I was so proud of my Dental Spanish, but for the life of me could not think of the way to say “Tooth fairy”. Google Translate to the rescue:
The black sand beaches of El Cuco were the perfect way to cool down after working in 95F+ degree weather with no air-conditioning and hard hard work.
After a successful work week of treating over 175 patients, we bid “Adios” to the LDC team in El Cuco and traveled 3 hours to Suchitoto, a small colonial town 29 miles north of San Salvador.
We rented a van from National, by the San Salvador Airport and drove a stick-shift car through the streets of San Marcos, San Salvador up to Suchitoto.
Suchitoto is full of cobblestone lined streets, brightly painted shoppes and the cleanest, most whitest church, Iglesia Santa Lucia.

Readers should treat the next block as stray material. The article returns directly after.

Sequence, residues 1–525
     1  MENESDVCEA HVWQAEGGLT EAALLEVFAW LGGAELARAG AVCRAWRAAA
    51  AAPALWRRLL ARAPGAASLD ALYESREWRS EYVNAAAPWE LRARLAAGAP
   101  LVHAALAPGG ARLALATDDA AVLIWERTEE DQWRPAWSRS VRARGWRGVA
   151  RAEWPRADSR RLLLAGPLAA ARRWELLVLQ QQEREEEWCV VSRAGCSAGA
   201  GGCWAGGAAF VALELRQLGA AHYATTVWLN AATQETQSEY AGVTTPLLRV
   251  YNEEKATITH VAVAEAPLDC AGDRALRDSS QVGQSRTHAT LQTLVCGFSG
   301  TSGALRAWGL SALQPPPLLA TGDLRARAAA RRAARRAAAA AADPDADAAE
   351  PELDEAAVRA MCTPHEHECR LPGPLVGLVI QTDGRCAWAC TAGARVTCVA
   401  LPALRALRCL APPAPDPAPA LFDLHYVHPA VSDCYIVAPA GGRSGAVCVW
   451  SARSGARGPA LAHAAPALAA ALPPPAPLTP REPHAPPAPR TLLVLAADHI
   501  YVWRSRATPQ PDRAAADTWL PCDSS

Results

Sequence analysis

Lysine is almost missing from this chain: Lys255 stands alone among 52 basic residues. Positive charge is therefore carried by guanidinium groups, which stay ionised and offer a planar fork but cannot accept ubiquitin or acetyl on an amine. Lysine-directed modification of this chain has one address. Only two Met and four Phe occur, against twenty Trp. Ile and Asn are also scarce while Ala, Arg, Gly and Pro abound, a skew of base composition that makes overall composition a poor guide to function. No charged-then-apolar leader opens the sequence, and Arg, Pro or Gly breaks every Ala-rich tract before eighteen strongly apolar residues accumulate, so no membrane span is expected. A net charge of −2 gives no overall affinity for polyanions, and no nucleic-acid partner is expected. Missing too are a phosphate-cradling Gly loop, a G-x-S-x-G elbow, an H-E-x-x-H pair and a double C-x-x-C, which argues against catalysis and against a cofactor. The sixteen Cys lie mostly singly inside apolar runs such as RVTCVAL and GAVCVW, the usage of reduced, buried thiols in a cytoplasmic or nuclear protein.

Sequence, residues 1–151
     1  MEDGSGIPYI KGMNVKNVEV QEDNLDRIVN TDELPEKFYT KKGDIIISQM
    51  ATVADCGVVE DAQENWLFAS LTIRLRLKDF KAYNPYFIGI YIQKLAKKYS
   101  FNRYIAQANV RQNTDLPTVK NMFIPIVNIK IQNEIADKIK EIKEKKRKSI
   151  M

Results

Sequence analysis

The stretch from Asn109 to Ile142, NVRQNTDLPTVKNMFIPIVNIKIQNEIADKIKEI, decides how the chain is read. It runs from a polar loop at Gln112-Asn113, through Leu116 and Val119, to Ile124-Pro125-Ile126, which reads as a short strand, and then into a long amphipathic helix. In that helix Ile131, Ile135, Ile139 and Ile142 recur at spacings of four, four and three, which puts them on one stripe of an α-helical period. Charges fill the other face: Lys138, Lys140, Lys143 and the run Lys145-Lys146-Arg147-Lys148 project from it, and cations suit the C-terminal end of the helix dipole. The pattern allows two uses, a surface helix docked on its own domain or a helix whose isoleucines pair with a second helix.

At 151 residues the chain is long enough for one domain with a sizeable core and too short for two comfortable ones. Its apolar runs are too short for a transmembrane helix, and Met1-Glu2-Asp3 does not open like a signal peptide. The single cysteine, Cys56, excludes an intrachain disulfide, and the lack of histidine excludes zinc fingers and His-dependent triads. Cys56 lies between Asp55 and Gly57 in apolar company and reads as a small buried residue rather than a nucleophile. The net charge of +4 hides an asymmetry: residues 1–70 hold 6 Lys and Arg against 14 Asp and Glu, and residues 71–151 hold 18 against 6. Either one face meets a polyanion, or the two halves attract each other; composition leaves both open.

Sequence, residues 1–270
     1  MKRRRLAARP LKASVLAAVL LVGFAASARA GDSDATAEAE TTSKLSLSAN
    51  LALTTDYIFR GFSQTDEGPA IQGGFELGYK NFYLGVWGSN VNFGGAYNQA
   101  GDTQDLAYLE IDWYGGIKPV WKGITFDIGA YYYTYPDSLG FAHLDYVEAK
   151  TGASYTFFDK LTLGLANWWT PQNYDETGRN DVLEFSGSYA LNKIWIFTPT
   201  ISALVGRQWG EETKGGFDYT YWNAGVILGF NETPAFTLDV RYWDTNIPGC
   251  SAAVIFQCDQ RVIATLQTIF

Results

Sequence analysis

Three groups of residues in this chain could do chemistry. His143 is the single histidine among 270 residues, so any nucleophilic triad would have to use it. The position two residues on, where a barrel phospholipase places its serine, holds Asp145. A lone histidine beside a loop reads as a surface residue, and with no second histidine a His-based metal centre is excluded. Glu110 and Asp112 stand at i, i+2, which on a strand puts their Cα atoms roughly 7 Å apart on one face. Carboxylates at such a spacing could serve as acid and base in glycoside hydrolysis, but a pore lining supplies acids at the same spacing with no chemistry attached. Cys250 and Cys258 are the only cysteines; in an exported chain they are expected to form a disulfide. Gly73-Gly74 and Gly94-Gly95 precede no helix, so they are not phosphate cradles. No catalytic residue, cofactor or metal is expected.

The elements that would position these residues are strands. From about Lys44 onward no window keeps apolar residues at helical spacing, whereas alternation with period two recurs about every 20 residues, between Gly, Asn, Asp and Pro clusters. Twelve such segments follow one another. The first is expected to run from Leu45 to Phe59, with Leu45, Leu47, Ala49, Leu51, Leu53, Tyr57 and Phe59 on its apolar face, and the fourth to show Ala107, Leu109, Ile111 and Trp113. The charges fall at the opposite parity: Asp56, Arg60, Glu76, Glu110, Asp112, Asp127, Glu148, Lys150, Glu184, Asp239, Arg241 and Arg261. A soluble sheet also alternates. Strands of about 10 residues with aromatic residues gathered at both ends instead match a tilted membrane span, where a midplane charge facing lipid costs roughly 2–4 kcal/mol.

About 9 minutes drive outside of town, Cascada Los Tercios is a unique waterfall composed of large hexagonal rock columns (although this is what is listed online, we only counted 5 sides to the rocks we encountered). It reminded me of Kryptonite and Superman. The waterfall typically has water flowing from May- November with July being the best month to see it, but due to this year’s drought conditions, it was completely barren. However, this allowed us to carefully examine the beautiful rocks and climb the 30 foot+ vertical wall without worrying of slipping on slick rocks. The unique shape of the rocks are believed to have been formed by rapidly cooling ancient magma (volcanic activity). Another example of this is in Ireland, at Giant’s Causeway. We were the only people visiting this site, and had a local man carrying a large machete showing us the way to hike down. It was a little nerve racking being out in the wilderness with a strange man and his dog (named Terrible, no joke) but he treated us kindly.